Iran has also suggested that President Trump and the United States approve of this Lebanese intervention. The resignation of the Lebanese Prime Minister came days after Trump’s son-in-law Jared Kushner visited Saudi Arabia on a trip that was not made known publicly.

Yemen’s Tragedy

While this new alliance took aim at Iran by targeting Assad in Syria and Hezbollah in Lebanon, it also has targeted a Shiite spin-off sect, the Houthis in Yemen. Since 2015, the Saudis have been bombing and blockading Yemen, the Middle East’s poorest country. But on Nov. 5, Saudi Arabia expressed outrage after intercepting a ballistic missile fired by Houthi forces in Yemen toward Riyadh. The Saudis accused Iran of providing the missile and ordering the attack – and called this an “act of war” by Iran and Hezbollah.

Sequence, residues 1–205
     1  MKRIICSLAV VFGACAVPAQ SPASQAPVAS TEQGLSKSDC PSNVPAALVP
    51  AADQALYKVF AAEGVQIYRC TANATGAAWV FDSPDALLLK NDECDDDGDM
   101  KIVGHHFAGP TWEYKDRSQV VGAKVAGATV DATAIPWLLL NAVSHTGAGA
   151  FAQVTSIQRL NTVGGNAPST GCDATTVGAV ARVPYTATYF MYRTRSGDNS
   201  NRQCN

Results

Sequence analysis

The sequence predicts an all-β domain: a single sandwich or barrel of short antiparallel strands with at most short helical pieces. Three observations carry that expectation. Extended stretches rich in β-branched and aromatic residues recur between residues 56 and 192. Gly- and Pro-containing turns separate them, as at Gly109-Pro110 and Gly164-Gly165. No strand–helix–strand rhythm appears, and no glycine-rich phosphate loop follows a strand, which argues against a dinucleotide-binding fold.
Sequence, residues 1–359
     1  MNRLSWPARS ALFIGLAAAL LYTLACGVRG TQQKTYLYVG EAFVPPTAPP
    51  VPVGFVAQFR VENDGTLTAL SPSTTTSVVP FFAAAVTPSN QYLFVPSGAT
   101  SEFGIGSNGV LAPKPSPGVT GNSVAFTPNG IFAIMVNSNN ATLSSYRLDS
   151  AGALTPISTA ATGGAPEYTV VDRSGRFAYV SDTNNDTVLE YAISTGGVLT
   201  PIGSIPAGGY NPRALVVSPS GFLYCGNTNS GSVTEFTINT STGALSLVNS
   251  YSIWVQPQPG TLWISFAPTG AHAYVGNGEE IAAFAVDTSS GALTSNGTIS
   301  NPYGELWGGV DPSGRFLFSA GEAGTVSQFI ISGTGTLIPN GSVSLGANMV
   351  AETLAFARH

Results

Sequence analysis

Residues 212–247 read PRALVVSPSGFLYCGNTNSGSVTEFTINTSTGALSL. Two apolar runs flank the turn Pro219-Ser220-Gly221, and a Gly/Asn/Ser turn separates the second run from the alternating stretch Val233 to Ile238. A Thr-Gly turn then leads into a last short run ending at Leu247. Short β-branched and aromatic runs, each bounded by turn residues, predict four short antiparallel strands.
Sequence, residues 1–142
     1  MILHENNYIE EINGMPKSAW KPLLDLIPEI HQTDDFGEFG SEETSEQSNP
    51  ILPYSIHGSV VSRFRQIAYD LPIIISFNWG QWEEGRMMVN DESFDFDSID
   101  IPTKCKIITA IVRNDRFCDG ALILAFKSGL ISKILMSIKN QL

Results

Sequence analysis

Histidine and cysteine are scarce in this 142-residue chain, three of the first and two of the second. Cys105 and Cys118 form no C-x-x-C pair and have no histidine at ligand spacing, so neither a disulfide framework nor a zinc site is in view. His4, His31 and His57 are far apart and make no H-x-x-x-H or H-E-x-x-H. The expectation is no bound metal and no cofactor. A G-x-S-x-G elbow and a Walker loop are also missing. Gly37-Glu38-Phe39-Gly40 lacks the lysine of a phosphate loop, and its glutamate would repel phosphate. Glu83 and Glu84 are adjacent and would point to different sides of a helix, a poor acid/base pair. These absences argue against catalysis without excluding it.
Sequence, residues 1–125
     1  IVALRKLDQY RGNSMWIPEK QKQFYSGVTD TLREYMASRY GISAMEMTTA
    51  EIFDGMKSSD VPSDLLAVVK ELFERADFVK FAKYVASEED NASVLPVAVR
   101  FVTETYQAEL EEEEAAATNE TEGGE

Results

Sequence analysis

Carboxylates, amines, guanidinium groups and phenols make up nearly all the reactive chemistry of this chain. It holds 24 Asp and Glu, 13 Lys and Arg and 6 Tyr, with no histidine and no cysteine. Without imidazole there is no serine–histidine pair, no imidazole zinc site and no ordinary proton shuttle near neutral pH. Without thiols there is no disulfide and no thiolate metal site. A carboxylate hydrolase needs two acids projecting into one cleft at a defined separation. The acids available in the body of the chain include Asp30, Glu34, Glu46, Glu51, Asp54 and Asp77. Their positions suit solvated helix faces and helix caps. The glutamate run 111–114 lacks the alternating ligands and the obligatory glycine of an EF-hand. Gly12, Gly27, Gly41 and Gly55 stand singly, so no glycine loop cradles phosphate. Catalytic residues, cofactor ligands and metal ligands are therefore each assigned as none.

General Mohammad Ali Jafari, the commander of the Iranian Revolutionary Guards, called the charge against Iran “baseless,” as did Iran’s ambassador to the United Nations, Gholamali Khoshroo. Even Saudi officials were calling the missile a Yemeni Burqan 2H missile when it was intercepted. The Houthis said they fired the missile in response to the long-running Saudi bombardment that included a recent attack that killed 26 people.

Despite these denials of Iranian responsibility and the context of Saudi Arabia’s air war, U.S. Ambassador to the United Nations. Nikki Haley called on the U.N. to hold Iran accountable for violating U.N. Security Council resolutions by supplying the missile. She called on the U.N. to take “necessary action” against Iran.

The U.S. government has consistently rationalized the Saudi bombardment of Yemen as necessary to thwart Iranian influence in the Persian Gulf. U.S. accusations about Iran allegedly supplying the Houthis with weapons hang precariously on an “assessment” that Iran has used fishing boats to smuggle weapons into Yemen.